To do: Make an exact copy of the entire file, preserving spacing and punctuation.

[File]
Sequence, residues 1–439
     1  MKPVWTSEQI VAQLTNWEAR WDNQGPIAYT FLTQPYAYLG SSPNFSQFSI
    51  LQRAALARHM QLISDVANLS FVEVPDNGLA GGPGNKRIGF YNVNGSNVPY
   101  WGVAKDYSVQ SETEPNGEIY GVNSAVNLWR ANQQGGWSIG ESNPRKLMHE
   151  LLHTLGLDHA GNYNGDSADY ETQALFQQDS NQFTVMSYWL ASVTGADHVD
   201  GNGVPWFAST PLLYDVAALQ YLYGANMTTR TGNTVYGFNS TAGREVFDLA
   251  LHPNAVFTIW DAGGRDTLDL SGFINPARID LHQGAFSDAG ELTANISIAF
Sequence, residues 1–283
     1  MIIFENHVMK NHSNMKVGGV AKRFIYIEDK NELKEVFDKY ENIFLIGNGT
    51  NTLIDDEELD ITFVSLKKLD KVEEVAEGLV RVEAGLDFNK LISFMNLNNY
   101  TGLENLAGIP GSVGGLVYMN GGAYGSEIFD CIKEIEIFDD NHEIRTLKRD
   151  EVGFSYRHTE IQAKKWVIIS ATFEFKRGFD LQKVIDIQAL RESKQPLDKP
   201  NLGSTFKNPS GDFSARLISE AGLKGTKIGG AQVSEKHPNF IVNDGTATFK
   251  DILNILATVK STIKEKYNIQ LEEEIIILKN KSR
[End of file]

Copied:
Sequence, residues 1–439
     1  MKPVWTSEQI VAQLTNWEAR WDNQGPIAYT FLTQPYAYLG SSPNFSQFSI
    51  LQRAALARHM QLISDVANLS FVEVPDNGLA GGPGNKRIGF YNVNGSNVPY
   101  WGVAKDYSVQ SETEPNGEIY GVNSAVNLWR ANQQGGWSIG ESNPRKLMHE
   151  LLHTLGLDHA GNYNGDSADY ETQALFQQDS NQFTVMSYWL ASVTGADHVD
   201  GNGVPWFAST PLLYDVAALQ YLYGANMTTR TGNTVYGFNS TAGREVFDLA
   251  LHPNAVFTIW DAGGRDTLDL SGFINPARID LHQGAFSDAG ELTANISIAF
Sequence, residues 1–283
     1  MIIFENHVMK NHSNMKVGGV AKRFIYIEDK NELKEVFDKY ENIFLIGNGT
    51  NTLIDDEELD ITFVSLKKLD KVEEVAEGLV RVEAGLDFNK LISFMNLNNY
   101  TGLENLAGIP GSVGGLVYMN GGAYGSEIFD CIKEIEIFDD NHEIRTLKRD
   151  EVGFSYRHTE IQAKKWVIIS ATFEFKRGFD LQKVIDIQAL RESKQPLDKP
   201  NLGSTFKNPS GDFSARLISE AGLKGTKIGG AQVSEKHPNF IVNDGTATFK
   251  DILNILATVK STIKEKYNIQ LEEEIIILKN KSR